Mr Spasojevic : I do not believe it has happened in the last five years.

Senator DASTYARI: Do you know when it last happened?

Mr Spasojevic : I believe it happened in 2002-03, where there was a stamp duty case resolved in Queensland.

Senator DASTYARI: Are you able to provide details of that on notice?

Mr Spasojevic : I think if you go to the relevant report you will find it in the relevant report.

Senator DASTYARI: Where is the relevant report?

Mr Spasojevic : The relevant report would be online. All those update reports are available online. It is a very rare event.

Senator DASTYARI: So you are saying the last time this happened was in 2002-03?

Mr Spasojevic : I believe that is the case.

Senator DASTYARI: And it related to Queensland?

Mr Spasojevic : Queensland stamp duty on a major property transaction.

Senator DASTYARI: And the impact of that, in the 2002-03 example that we are using as a comparison, was that it had an impact on future GST?

Mr Spasojevic : I believe that is the case, yes.

Senator DASTYARI: You believe that is the case or it is the case?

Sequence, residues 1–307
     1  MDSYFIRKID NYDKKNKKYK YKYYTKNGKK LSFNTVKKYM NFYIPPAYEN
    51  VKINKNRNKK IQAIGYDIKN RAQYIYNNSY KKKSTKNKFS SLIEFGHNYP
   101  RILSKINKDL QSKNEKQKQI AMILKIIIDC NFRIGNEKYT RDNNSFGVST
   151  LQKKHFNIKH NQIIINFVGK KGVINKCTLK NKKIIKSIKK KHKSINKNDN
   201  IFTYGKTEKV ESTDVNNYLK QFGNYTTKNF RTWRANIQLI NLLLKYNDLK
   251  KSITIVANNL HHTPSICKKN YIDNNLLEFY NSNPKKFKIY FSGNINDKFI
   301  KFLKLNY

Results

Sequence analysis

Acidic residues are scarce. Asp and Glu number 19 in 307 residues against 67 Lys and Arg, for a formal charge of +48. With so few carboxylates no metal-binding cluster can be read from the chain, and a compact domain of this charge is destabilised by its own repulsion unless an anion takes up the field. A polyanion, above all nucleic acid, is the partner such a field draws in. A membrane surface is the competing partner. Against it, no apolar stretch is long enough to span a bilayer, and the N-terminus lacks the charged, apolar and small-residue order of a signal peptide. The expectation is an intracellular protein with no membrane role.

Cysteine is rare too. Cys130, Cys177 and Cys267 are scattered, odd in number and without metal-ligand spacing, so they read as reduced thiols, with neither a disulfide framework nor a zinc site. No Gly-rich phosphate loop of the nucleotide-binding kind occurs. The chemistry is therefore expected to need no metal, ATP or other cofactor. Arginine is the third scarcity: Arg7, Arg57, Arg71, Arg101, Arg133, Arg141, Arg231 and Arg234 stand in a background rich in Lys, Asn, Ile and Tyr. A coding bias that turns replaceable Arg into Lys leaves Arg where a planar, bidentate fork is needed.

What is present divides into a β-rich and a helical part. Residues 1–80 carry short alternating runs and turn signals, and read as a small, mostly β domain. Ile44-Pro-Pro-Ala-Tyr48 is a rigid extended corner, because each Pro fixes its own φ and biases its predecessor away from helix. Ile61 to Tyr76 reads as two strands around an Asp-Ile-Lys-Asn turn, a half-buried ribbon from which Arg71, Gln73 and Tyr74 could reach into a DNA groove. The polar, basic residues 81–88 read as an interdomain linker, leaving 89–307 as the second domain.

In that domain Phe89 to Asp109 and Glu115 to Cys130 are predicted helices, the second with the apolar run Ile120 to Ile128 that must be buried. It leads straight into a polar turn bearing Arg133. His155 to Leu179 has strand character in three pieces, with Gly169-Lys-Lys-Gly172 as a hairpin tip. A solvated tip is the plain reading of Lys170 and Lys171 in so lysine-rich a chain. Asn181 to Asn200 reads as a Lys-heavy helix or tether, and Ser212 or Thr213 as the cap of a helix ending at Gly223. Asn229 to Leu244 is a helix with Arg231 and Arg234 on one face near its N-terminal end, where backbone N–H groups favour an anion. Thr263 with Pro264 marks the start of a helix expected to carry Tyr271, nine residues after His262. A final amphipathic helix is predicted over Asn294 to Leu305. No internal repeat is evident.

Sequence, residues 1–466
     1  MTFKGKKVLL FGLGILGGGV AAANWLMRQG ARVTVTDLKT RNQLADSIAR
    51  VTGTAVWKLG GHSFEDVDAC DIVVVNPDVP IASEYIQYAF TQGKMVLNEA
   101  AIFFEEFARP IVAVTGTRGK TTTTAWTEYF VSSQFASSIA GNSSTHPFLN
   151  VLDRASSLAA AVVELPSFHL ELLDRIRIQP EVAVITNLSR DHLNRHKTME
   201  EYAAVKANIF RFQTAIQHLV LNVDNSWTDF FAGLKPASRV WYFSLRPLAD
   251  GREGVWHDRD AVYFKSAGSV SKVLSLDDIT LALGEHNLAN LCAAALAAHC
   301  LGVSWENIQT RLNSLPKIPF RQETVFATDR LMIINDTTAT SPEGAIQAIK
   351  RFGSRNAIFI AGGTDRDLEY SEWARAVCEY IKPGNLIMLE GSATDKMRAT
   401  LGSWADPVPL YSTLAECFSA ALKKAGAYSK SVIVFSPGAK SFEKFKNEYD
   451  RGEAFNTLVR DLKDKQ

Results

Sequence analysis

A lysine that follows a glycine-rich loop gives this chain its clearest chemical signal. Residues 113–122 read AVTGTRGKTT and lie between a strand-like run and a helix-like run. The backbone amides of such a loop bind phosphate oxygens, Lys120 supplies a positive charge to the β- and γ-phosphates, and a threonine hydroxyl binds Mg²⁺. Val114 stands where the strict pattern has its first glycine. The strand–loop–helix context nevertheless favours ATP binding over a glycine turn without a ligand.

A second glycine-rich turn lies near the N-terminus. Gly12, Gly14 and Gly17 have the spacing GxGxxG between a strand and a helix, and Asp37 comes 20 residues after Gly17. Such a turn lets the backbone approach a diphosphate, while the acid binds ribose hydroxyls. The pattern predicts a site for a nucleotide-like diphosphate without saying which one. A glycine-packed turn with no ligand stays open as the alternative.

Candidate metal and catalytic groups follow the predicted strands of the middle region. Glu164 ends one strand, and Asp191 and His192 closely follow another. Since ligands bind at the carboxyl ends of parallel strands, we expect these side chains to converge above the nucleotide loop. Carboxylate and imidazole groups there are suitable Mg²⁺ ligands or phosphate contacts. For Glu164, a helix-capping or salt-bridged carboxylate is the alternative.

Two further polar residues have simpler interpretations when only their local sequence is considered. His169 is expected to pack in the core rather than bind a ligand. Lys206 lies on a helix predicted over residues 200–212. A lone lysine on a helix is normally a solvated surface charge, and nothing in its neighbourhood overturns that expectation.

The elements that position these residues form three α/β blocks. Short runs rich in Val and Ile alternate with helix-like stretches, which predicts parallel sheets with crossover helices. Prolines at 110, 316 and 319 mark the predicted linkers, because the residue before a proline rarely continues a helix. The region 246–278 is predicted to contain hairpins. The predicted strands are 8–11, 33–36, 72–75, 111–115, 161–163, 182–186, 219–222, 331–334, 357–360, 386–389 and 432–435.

Mr Spasojevic : I am going to give you the answer that I believe it is the case, because I did not read that report before I came here. If you wanted to know about that I would have been happy to do that. So you will have to take it that my answer is that I believe that is the case though I could be mistaken.

Senator DASTYARI: How will I know that is or is not the case.

Mr Spasojevic : When you have read the report you will find it. That is what I am going to have to do.

Senator CANAVAN: I would like to ask about the change in urban transport methodology that was made in this assessment. Can you explain—I have read the report but it is still a little bit vague to me—what exactly that was?

Mr Spasojevic : Up until 2015 most public transport was treated as a business enterprise and so it was treated as something removed from general government. Following from the GST distribution review we were asked to look at that particular assessment. The commission decided that in thinking about that it would get a better measure of differences in fiscal capacity if you treated those urban public transport businesses as if they were general government and brought their investment and revenues on stream and incorporated them into the accounts. Having done that we then gathered data on the actual capital stocks and investments undertaken by urban public transport and state government operators and developed an assessment of what, on a policy-neutral basis, per capita stock for different sized cities would be, and based our assessment on that.